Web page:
Sudan, S. Sudan leaders in deal over Abyei and borders
What you need to know:
Referendum has been repeatedly stalled, with residents now threatening to press ahead
Area patrolled by about 4,000 troops from Ethiopia is still a major thorn in ties
South Sudanese President Salva Kiir and his Sudan counterpart, Omar al Bashir, agreed at a summit in Juba today to speed up the demarcation of their common borders and the formation of the Abyei administration, including the Abyei area legislative council and the police.
The two leaders reaffirmed their commitment to fully and unconditionally implement the nine cooperation agreements signed in September 2012 in Addis Ababa.
Mr Kiir and Bashir resolved to speed up the creation of a zero line along their common borders in order to establish a safe border zone.
The two also agreed to campaign for Sudan’s debt relief and lifting of sanctions.
In a joint communique, Mr Kiir and Mr Bashir directed the central banks of the two countries to facilitate trade.
President Bashir visited South Sudan in response to Mr Kiir’s invitation, for his second time after the independence of the infant country on July 9, 2011.
After two decades of civil war, the former foes are yet to resolve a package of post secession issues that include border demarcation, the status of the disputed Abyei region, security and oil flow, among others.
“I think the most critical issue that we have been talking about, like Abyei, is one of the urgent things that we have to address, and we know we will address it,” Mr Kiir said at a joint press conference.
“We are ready to go the extra mile to make peace with Sudan,” Mr Kiir told his northern counterpart and former civil war foe Bashir.
Tensions have been mounting over disputed Abyei, a war-ravaged region wedged between the two countries and claimed by both sides, with the African Union urging leaders to “seize the opportunity” to find a deal.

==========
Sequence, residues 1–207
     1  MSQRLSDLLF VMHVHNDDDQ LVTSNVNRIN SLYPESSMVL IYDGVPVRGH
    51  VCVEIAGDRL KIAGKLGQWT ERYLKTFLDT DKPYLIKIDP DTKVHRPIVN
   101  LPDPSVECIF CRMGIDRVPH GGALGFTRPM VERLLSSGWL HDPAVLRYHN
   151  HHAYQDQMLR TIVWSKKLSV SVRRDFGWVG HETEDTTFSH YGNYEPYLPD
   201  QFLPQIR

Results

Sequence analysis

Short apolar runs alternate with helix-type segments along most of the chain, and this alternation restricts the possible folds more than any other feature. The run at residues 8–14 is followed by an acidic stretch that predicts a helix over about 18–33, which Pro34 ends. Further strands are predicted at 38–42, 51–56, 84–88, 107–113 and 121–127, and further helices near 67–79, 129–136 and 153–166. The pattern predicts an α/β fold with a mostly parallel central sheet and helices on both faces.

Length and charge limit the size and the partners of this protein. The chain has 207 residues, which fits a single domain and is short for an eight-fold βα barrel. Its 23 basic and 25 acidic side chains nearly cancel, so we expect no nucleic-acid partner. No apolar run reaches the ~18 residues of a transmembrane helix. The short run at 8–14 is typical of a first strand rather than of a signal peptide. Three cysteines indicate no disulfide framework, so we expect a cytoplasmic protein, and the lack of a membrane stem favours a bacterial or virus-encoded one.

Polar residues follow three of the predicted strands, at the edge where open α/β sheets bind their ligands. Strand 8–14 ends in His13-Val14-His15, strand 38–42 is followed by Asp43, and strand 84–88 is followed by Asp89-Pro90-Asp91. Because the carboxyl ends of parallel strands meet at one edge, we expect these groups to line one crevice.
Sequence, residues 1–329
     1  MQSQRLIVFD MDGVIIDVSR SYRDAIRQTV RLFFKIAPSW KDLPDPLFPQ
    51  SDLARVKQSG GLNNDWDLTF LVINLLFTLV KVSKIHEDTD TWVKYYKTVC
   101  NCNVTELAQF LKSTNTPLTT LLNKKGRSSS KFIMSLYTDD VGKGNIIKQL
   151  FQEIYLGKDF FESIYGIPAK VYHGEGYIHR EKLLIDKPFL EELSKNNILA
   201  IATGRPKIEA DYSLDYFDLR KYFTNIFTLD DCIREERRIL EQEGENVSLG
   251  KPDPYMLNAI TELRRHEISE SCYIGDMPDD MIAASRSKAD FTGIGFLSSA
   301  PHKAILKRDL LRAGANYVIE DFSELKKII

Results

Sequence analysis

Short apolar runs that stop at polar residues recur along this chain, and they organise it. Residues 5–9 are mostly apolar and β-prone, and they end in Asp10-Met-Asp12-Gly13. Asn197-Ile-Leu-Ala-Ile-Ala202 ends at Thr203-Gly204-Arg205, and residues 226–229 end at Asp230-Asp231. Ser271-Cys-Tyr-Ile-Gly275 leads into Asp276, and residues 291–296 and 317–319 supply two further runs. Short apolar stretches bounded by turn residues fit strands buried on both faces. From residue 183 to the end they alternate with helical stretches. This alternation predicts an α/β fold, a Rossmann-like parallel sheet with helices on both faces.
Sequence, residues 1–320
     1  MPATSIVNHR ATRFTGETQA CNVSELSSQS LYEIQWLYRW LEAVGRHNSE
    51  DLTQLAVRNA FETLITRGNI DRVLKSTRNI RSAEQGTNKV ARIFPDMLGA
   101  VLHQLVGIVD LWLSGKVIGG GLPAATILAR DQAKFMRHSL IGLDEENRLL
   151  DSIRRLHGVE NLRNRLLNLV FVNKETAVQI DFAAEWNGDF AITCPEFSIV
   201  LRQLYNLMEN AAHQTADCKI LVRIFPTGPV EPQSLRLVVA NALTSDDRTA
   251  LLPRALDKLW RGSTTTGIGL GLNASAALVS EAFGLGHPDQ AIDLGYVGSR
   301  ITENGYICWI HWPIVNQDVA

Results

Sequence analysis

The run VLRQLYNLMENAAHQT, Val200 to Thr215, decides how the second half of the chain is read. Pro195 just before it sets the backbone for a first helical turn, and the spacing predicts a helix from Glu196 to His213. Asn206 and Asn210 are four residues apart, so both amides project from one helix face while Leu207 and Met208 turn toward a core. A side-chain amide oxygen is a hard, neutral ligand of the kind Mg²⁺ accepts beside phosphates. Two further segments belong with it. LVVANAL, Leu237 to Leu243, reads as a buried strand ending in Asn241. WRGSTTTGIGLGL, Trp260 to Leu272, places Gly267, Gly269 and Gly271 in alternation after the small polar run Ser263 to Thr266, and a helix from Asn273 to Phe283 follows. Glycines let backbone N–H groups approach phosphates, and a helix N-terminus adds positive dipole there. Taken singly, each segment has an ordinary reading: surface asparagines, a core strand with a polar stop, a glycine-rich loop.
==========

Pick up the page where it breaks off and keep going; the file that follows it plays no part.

MOST CRITICAL ISSUES DISCUSSED
But while Kiir said Abyei was the “most critical” issue discussed, little concrete progress was announced.
“The meeting with my brother Salva Kiir was fruitful.... We will make sure all the outstanding issues are implemented,” Mr Bashir said.
Mr Kiir warmly welcomed Bashir.
The leaders, who were bitter enemies during the two-decade civil war that led to South Sudan’s independence in July 2011, embraced as they met.
Abyei was meant to vote on whether to be part of Sudan or South Sudan in January 2011 — the same day Juba voted overwhelmingly to split from the north — as part of the 2005 peace deal which ended Sudan’s civil war.
But that referendum has been repeatedly stalled, with residents now threatening to press ahead and organise their own vote.
The United Nations and AU have warned that any such unilateral move could inflame tensions in the oil-producing zone and risk destabilising the uneasy peace between the longtime foes.
Many are gloomy for a quick resolution.
“I think there isn’t a solution in sight for quite a long time,” a Western diplomat said, but added there was a need at least to show some progress, “otherwise people get desperate.”
Abyei, patrolled by about 4,000 Ethiopian-led UN peacekeepers, is home to the settled Ngok Dinka, closely connected to South Sudan, as well the semi-nomadic Arab Misseriya, who traditionally move back and forth between the two countries grazing their cattle.
“Both governments have important constituencies that they need to pacify,” making the issue very difficult to solve, the diplomat said.
Senior leaders of the Ngok Dinka said last week they will organise and run their own referendum, saying international efforts had stalled and there was “no light at the end of the tunnel”.
In response, Misseriya chief Mukhtar Babo Nimir said the Dinka move must be blocked, warning that his people also have the option of holding their own unilateral ballot.
DEAL STILL UNIMPLEMENTED
Trade, security and oil issues were also on the presidents’ agenda for the one-day visit, with more than 50 officials including senior ministers and businessmen accompanying Bashir.
Bashir and Kiir had met for talks in Sudan last month, while Bashir last visited South Sudan in April, his first visit since independence and which followed a furious row over the shutdown of crucial oil exports as well as bloody border battles last year.
When South Sudan split away, it took with it oil fields accounting for 75 per cent of the reserves — with production totalling some 470,000 barrels per day — that Sudan used to call its own.
Landlocked South Sudan complained that the north was demanding too much to use its pipelines and port facilities, and the shutdown cost both countries billions of dollars.
Battles along the two nations’ un-demarcated border last year involving warplanes and troops then aggravated the situation and raised fears of a return to the level of violence seen in the 1983-2005 civil war.
International pressure eventually reined the two sides back in, with leaders signing a raft of deals, most of which however are yet to be implemented.
BY MACHEL AMOS (NATION Correspondent IN JUBA) AND Agencies